Protect your privacy: secure your network
It’s all well and good to take precautions when browsing, e-mailing, or using a social network. But if you’re doing all that over an insecure network, your privacy could still be at risk.
The risk: Any time you use a public network (especially at technical conferences or on college campuses), someone else could be listening in. Sniffing still happens. And there’s a variation on it, side-jacking, whereby an attacker snoops on your traffic to certain sites (such as Twitter or Facebook), hijacks your credentials, then uses the service as you.
How to protect yourself: First, connect with care. Don’t hop on a public Wi-Fi network you don’t absolutely trust. Second, think long and hard about the applications and sites you use on a publuc net; don’t, for example, do any online banking. (You’d be surprised how often people do just that.)
Encrypt your network traffic via SSL (secure sockets layer) whenever you can. It’s relatively easy to do so in e-mail clients. (In Mail.app, for example, go to the Accounts pane in Preferences, select an account, open the Advanced tab, and select Use SSL.) It’s easy to do in Safari, too—it automatically defaults to SSL on sites that support it. (You’ll know because of the closed padlock in the upper left of the browser window.) For Firefox, try the HTTPS Everywhere plugin, which forces SSL sessions for services that support it. Absent that, try replacing
https://; that works on some sites.
Another alternative is to use a VPN (virtual private network) or Internet proxy service when connecting through public networks. Some good services are Anonymizer for $80 a year (which adds extra privacy controls), StrongVPN, and PersonalVPN, which both cost about $5/month.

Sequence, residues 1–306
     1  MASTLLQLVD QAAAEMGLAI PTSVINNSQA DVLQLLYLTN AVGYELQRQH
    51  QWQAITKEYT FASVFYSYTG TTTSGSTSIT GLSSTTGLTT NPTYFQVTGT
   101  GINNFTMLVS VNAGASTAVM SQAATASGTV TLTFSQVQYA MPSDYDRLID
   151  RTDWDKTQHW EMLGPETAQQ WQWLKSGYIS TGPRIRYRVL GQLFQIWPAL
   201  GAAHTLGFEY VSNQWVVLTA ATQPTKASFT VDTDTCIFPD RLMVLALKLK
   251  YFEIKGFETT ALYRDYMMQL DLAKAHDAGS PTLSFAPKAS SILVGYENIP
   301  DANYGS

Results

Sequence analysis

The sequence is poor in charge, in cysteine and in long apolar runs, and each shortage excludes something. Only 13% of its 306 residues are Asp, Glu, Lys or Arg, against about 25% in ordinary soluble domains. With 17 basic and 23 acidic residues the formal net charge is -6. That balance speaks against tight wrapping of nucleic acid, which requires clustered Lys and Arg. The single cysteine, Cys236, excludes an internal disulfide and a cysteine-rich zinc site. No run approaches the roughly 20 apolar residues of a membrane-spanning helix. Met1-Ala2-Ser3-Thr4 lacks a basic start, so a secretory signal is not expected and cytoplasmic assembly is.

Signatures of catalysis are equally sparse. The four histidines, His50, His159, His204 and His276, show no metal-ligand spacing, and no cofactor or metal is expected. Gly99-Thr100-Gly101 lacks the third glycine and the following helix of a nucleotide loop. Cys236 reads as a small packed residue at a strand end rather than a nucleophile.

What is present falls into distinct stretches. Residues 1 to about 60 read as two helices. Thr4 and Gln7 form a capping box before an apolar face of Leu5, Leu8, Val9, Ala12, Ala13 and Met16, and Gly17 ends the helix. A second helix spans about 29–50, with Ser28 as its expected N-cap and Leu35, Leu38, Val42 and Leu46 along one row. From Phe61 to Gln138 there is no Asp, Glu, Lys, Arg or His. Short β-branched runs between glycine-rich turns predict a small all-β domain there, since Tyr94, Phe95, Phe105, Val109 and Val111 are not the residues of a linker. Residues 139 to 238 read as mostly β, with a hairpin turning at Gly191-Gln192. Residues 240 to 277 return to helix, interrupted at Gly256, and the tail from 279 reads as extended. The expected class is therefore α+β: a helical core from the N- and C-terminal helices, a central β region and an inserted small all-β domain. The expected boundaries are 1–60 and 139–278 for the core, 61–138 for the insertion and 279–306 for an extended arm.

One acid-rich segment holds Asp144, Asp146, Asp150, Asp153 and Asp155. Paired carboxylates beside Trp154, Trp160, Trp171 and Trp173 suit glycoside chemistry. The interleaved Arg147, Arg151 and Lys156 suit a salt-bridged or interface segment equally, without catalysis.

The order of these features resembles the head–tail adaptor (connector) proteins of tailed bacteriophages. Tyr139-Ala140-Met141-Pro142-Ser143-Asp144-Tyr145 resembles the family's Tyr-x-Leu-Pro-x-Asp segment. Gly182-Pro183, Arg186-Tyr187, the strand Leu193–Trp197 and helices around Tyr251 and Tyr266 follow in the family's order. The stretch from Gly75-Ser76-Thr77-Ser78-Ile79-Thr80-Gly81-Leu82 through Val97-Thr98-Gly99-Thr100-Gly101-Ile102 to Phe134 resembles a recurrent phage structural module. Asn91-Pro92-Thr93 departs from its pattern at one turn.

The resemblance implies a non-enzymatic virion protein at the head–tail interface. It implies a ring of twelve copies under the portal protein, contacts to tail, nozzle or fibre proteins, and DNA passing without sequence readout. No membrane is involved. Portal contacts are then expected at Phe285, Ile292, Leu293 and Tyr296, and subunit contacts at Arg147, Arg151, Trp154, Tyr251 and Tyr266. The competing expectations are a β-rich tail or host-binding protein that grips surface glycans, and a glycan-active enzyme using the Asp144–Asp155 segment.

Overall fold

ISP and network tracking
The risk: Internet service providers, or whoever manages the network you’re using to connect to the Internet, can see all of your traffic. A number of ISPs now track their customers’ browsing and sell aggregated information to market analysis firms. As with other privacy violations, this is more creepy than dangerous.
How to protect yourself: If your ISP tracks activity, you might be able to opt out on its Website. As with opting out of advertising networks, opting out of ISP tracking means setting a cookie in your browser telling them to ignore your traffic. Remember that if you clear that cookie, the ISP will go right back to tracking, and it is often impossible to fully opt out of their monitoring.
If you are worried about your ISP or network provider sniffing your traffic, the only way to protect yourself is to encrypt the traffic using the techniques discussed above, or to use an anonymization service such as Tor. Tor encrypts your connection and routes it through a number of random servers on the Internet. Your traffic is still visible at the exit node, but Tor protects you from local network or ISP monitoring. Unfortunately Tor significantly slows down browsing and other activities.
[Mike Rothman is an analyst at Securosis.com and author of The Pragmatic CSO.]